Can Tirzepatide Be Used with Other Diabetes Medications?

Yes, Tirzepatide can be taken with some other diabetes medications. 

You can take Tirzepatide along with metformin and insulin. You can also take it with other drugs that help control blood glucose, like SGLT2 inhibitors.14 

However, you should not take Tirzepatide with other diabetes drugs that affect incretins. These include DPP4 inhibitors and other GLP-1 receptor agonists.4

Tirzepatide FAQs

Is Tirzepatide FDA-approved for weight loss?

No, Tirzepatide is not FDA-approved for weight loss. There is FDA approval for Tirzepatide use in type 2 diabetes only. However, doctors can prescribe it for weight loss in some cases.15

Can type 1 diabetics use Tirzepatide?

No, Tirzepatide should not be used by people with type 1 diabetes mellitus. There is currently no evidence that it is effective for this condition.4

Is Tirzepatide a pill or an injection?

Tirzepatide is only available as an injection. There is currently no oral form of the drug.4

Updated on June 26, 2023
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15 sources cited
Updated on June 26, 2023
  1. Diabetes.” World Health Organization. 
  2. Obesity and Overweight.” World Health Organization.
  3. Fanshier, AV, et al. “Tirzepatide: A Novel Glucose-Dependent Insulinotropic Polypeptide/Glucagon-Like Peptide 1 Receptor Agonist for the Treatment of Type 2 Diabetes—The First Twincretin.” Clinical Diabetes. 02 Mar. 2023.
  4. Eli Lilly “Mounjaro: tirzepatide injection.” Product monograph. 
  5. FDA Approves Novel, Dual-Targeted Treatment for Type 2 Diabetes.” US Food and Drug Administration. 13 May 2022. 
  6. Willard, FS, et al. “Tirzepatide is an imbalanced and biased dual GIP and GLP-1 receptor agonist.” JCI Insight. 03 Sept. 2020.
  7. Seino, Y, et al. “GIP and GLP-1, the two incretin hormones: Similarities and differences.” Journal of Diabetes Investigation. 22 Apr. 2023.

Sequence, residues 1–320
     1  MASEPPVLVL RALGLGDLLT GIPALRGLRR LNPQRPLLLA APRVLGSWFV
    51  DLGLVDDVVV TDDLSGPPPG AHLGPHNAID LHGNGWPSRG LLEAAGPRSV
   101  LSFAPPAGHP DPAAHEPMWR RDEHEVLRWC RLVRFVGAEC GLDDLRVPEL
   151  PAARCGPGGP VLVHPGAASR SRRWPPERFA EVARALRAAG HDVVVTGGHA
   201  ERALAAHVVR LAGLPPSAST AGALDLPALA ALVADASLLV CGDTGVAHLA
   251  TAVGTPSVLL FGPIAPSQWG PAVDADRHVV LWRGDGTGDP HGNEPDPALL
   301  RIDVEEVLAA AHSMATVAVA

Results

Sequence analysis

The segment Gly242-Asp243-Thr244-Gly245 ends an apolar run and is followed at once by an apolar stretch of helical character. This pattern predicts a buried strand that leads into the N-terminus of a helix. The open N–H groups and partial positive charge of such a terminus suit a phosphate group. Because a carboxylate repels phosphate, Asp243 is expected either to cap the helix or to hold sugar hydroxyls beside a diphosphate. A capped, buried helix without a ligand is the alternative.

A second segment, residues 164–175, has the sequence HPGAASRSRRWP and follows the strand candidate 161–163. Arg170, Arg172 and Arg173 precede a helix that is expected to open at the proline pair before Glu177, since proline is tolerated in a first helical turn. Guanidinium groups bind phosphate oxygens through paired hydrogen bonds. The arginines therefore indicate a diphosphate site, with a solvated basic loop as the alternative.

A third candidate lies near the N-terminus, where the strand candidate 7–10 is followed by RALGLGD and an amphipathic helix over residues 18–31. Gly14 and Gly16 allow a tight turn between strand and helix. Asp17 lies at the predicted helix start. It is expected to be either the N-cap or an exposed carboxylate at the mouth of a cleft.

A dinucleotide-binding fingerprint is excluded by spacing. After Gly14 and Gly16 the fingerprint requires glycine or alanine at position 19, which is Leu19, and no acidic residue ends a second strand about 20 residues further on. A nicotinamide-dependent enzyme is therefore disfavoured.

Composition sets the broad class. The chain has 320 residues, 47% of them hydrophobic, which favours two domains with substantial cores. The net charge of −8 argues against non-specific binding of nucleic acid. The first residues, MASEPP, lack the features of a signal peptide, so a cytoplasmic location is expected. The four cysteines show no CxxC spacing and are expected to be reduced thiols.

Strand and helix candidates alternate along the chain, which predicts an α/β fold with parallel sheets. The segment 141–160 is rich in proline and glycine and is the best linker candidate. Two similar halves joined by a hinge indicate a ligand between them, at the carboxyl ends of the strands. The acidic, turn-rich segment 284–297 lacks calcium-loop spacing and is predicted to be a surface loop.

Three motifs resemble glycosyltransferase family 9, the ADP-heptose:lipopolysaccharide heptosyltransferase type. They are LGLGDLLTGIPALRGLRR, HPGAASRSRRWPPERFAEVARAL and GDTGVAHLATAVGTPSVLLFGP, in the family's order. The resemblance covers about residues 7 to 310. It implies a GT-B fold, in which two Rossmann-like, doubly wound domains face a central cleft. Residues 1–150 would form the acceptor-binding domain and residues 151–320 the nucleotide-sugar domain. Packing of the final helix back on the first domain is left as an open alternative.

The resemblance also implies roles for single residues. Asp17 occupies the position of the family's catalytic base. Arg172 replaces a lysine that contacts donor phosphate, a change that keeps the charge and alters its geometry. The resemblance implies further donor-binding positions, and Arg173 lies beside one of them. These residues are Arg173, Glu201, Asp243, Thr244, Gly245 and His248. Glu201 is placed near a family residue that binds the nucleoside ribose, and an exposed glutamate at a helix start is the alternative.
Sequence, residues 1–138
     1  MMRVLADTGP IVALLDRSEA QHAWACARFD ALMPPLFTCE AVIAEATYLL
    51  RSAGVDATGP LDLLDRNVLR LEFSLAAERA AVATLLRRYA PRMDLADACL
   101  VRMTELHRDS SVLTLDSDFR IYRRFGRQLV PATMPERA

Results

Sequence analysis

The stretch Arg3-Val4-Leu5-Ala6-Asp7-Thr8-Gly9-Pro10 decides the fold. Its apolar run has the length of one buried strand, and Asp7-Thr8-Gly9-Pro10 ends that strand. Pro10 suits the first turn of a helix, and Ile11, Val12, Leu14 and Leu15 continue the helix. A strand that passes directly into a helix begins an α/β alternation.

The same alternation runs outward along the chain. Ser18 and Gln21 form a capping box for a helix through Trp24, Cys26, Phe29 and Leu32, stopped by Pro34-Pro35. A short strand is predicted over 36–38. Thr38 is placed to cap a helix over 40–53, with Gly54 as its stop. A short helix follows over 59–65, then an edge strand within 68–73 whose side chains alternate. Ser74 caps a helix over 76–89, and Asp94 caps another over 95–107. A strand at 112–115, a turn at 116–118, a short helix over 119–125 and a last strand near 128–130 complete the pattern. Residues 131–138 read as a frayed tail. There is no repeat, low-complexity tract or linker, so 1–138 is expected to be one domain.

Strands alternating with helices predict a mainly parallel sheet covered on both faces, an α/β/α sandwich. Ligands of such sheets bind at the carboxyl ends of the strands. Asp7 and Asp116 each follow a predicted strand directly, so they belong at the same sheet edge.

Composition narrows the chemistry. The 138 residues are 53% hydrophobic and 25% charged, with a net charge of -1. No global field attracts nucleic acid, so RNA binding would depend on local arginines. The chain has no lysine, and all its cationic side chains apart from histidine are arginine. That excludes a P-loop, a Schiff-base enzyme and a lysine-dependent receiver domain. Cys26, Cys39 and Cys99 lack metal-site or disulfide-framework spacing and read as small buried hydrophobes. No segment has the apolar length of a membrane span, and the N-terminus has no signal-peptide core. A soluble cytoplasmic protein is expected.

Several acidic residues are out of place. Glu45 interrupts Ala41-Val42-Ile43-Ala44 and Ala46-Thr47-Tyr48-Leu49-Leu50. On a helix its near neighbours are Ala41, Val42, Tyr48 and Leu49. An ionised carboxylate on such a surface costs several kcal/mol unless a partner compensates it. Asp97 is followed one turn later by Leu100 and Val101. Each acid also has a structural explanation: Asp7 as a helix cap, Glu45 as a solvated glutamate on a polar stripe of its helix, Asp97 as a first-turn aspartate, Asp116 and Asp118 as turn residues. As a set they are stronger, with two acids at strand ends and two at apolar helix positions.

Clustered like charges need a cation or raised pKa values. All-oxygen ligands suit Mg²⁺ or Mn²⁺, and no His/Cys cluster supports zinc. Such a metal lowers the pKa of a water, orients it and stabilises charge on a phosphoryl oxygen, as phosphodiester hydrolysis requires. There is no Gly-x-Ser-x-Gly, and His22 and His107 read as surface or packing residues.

8. Frias, JP, et al. “Tirzepatide versus Semaglutide Once Weekly in Patients with Type 2 Diabetes.” New England Journal of Medicine. 5 Aug. 2022.
  9. Rahman, MS, et al. “Role of Insulin in Health and Disease.” International Journal of Molecular Sciences.
  10. Mouri, M, et al. “Hyperglycemia.” StatPearls. 28 Apr. 2022.
  11. Shah, M, et al. “Effects of GLP-1 on appetite and weight.” Reviews in Endocrine and Metabolic Disorders. Jun. 2021. 
  12. Jastreboff, AM, et al. “Tirzepatide Once Weekly for the Treatment of Obesity.” New England Journal of Medicine. 21 Jul. 2022. 
  13. Farzam, K, et al. “Tirzepatide.” StatPearls. 27 Dec. 2022.
  14. De Block, C, et al. “Tirzepatide for the treatment of adults with type 2 diabetes: An endocrine perspective.” Diabetes, Obesity and Metabolism. 05 Aug. 2022. 
  15. Landsverk, G. “What to know about Mounjaro, the next game-changing medication awaiting FDA approval to treat weight loss.” Insider. 17 Mar 2023. 
Dr. Rizza Mira
Dr. Rizza Mira
Medical Reviewer
Dr. Rizza Mira is a medical doctor and a general practitioner who specializes in pediatrics, nutrition, dietetics, and public health.

As a pediatrician, she is dedicated to the general health and well-being of children and expecting parents. She believes that good nutrition, a healthy lifestyle, and prevention of illness are key to ensuring the health of children and their families.

When she’s not in the hospital, Rizza advocates and mobilizes causes like breastfeeding, vaccination drives, and initiatives to prevent illness in the community.
Kelly Jamrozy
Kelly Jamrozy
Content Contributor
Kelly has experience working with clients in a variety of industries, including legal, medical, marketing, and travel. Her goal is to share important information that people can use to make decisions about their health and the health of their loved ones. From choosing the best treatment programs to improving dental and vision health to finding the best method for helping anyone who is struggling with health issues, she hopes to share what she learns through informative content.